Shawn Baker, director of the nutrition team at the Bill & Melinda Gates Foundation, called on attendees from the agricultural sector, which included private companies, scientists, and farmers themselves, to recognize the role their work plays in ensuring the world is not only fed but fed with proper nutrients that prevent stunting.  

“Nutrition needs you. We are not going to resolve the challenges of undernutrition without the ag sector stepping up in a big way,” Baker said.

The agricultural sector must indeed be engaged, said Elwyn Grainger-Jones, executive director at the CGIAR System Organization, the largest global agricultural research partnership.  

“The symbolism of the World Food Prize recognizing that it’s not just about productivity growth, it’s about nutrition, the demand for food, the types of food, the variety of foods that are available, is tremendously significant,” Grainger-Jones said. “It means we’re talking about the food system and we’re not just talking about agricultural production, and that’s what it’s going to take to shift the trajectory in a transformative way so that we have a more healthy and productive and environmentally sustainable approach to landscapes and food systems.”

The FAO report found that climate change is undermining the production of staple crops and that as temperatures continue to rise, the situation will only worsen if crops do not build climate resilience. Climate change is causing droughts and floods as well as variability in agricultural season and is a main driver of the increase in global hunger, along with conflict.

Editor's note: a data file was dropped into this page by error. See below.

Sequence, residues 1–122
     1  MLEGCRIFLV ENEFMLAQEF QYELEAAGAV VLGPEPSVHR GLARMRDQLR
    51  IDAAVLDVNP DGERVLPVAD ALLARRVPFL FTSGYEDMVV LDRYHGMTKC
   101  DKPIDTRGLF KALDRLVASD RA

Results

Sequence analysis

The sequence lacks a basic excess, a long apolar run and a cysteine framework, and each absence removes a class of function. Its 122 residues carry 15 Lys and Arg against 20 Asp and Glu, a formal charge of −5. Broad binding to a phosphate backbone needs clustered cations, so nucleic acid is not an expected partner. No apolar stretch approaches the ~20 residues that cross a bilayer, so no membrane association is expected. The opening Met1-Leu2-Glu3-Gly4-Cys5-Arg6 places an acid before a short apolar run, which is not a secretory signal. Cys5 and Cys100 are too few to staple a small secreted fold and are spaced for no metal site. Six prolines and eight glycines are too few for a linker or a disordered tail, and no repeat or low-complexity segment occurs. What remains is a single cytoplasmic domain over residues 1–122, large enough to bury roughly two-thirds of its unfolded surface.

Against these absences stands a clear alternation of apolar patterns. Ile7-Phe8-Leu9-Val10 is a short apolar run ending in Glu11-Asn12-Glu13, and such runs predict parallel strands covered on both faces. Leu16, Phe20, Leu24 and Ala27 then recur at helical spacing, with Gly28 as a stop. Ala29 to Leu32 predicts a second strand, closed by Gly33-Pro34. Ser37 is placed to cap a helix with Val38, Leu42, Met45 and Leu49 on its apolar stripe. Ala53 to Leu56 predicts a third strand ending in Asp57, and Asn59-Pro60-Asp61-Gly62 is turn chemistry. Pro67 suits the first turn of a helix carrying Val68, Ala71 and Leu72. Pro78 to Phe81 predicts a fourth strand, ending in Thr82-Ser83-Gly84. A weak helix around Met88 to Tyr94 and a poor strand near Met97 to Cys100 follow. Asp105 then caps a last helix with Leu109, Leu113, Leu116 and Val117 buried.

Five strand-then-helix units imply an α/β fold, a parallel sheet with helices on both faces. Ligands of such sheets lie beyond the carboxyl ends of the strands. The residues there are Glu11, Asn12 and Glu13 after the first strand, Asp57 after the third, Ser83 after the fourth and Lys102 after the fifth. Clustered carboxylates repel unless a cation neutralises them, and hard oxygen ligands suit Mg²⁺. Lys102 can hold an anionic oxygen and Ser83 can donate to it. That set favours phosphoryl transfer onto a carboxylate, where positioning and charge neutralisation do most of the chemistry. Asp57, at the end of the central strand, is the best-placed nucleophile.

Haddad, who is the executive director of the Global Alliance for Improved Nutrition, said the link between SDG 2 and many of the other benchmarks the global community strives to meet by 2030 makes reversing global hunger trends even more important.

“Nutrition has something to say for every goal in the Sustainable Development Goals and especially for peace and for climate mitigation and adaptation,” Haddad said. “A focus on nutrition can play a big role. It can reduce the price variability that climate change drives, if we focus more on having a variety of crops in a variety of places — so diversifying food systems, that’s good for farmers, that’s good for communities, it’s good for the resilience of the food system.”

About the author

  • Teresa Welsh

    Teresa Welsh is a Senior Reporter at Devex. She has reported from more than 10 countries and is currently based in Washington, D.C. Her coverage focuses on Latin America; U.S. foreign assistance policy; fragile states; food systems and nutrition; and refugees and migration. Prior to joining Devex, Teresa worked at McClatchy's Washington Bureau and covered foreign affairs for U.S. News and World Report. She was a reporter in Colombia, where she previously lived teaching English. Teresa earned bachelor of arts degrees in journalism and Latin American studies from the University of Wisconsin.